Medfield High School

Social Studies Core Courses

  • World History - 9th grade
  • US History I - 10th grade
  • US History II - 11th grade
  • AP US History - 11th grade

Electives 2020-2021

  • AP Macroeconomics - grades 11 & 12
  • AP Psychology - grades 11 & 12
  • AP US Government and Politics - grades 11 & 12
  • General Psychology - grades 11 & 12
  • Modern World Conflicts - grades 11 & 12
  • Practical Law - grades 11 & 12
  • Sociology - grades 11 & 12
  • Human Studies - grades 9-12
  • History of Sports in the US - grades 11 & 12
  • Roots of Terrorism - grades 11 & 12
  • America in Space - grades 11 & 12
  • 21st Century Citizenship - grades 11 & 12
  • Financial Literacy - grades 11 & 12
  • News and Media Literacy - grades 11 & 12

Students in US History II Honors classes analyze 75 year old copies of Life magazine to see how advertisements were designed to support the war efforts.


Students in Mr. Coyle's World History II and US History I classes debated the issue of President Trump’s impeachment. Students were assigned pro or con positions and had the week to prepare their arguments during class time and for homework. Transcripts were studied, copies of documents obtained and websites searched. The students did an amazing job presenting their case. Students quoted people including Alexander Hamilton, former Ambassador Marie Yovanovitch and Giuliani associate Lev Parnas as well as the president himself. They were passionate in their defense or prosecution of the president. Overheard were statements including:

“His actions were a threat to national security”

“Alexander Vinman, who testified under oath, said there was a ‘clear understanding’ what the president was asking for”

“Just read the transcript”

“Ukraine did not know the aid was being withheld - therefore there was no quid pro quo”

“The Impeachment in the House of Representatives was unfair - Republicans were not allowed to call witnesses”

“The president has the right of executive privilege used by dozens of presidents before him including Washington and Jefferson”

“Nixon was forced by the Supreme Court to release audio tapes. Trump should release the actual phone call”

“Why was Giuliani running a shadow diplomacy with sketchy characters? It’s the job of the State Department to conduct diplomacy.”

The bell rang before the end of the debate but will come to its thrilling conclusion next week.

Field Trip to Newport Mansions

On Friday, December 6th, US History II students went on a field trip to the Newport mansions. Beautifully decorated for the holidays, students learned about the lives of the rich during the Gilded Age. They paid no income tax and their lives reflected the large gap between workers and the wealthy. The tours included information about the art and architecture of the period as well.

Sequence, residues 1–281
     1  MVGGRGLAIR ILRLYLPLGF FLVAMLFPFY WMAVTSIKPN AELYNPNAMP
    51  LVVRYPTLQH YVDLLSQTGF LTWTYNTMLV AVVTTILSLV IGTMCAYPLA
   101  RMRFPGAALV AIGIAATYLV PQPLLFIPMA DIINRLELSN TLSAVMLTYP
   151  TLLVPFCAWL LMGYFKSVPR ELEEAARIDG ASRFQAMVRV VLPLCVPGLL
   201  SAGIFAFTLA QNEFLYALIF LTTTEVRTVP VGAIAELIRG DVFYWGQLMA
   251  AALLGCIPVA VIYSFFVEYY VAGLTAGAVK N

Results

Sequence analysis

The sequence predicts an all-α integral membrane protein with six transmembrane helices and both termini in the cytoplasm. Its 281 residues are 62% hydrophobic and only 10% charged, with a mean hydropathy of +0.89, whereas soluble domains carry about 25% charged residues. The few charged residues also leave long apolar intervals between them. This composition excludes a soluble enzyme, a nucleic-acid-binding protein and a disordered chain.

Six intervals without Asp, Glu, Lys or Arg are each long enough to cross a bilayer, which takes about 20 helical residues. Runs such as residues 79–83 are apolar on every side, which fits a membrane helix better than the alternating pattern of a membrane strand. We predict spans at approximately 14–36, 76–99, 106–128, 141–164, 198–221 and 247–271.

How do we teach students about impeachment?

All students are learning about the impeachment proceedings currently playing out in Washington. It is not often that students have the opportunity to see such a rare occurrence in the US. Here's what a few MHS social studies teachers had to say:

  • Mr. Morin (US History I) "We are in the process of learning about the U.S. Constitution so we researched the text authorizing impeachment by the House and trial/conviction/removal of the President by the Senate. We then discussed the current stage of the process and where it is headed pursuant to the Constitution.
  • Mr. Coyle (US History I) "As part of our study of the US Constitution we analyzed the purpose, process, and took a quick look at the history of impeachment. We then viewed a series of video clips starting with Speaker Pelosi’s announcement of the official inquiry, a PBS NewsHour overview of “what we know so far” (difficult because this is changing so quickly day by day), the opening statements of Rep. Schiff and Rep. Nunes before the opening of public hearings, and bits of testimony from George Kent and Bill Taylor. As it stands, we are checking in about once every week to add to “what we know so far” and answer any questions students may have based on what they’ve heard. If/when formal charges of impeachment are filed, we will take a deep look at each, debate, and hold our own vote.
  • Mr. Langlois (US History II and Sociology) "Students read, highlighted and annotated the transcript of the phone call between President Trump and President Zelensky. Additionally, students debated various aspects included therein. Finally, classes watched a few minutes of the live testimony of Marie Yovanovich (Friday, November 15th). The students looked at the process of impeachment, and they voted as to whether or not to support the possible articles of impeachment in this case based upon the facts and documents presented.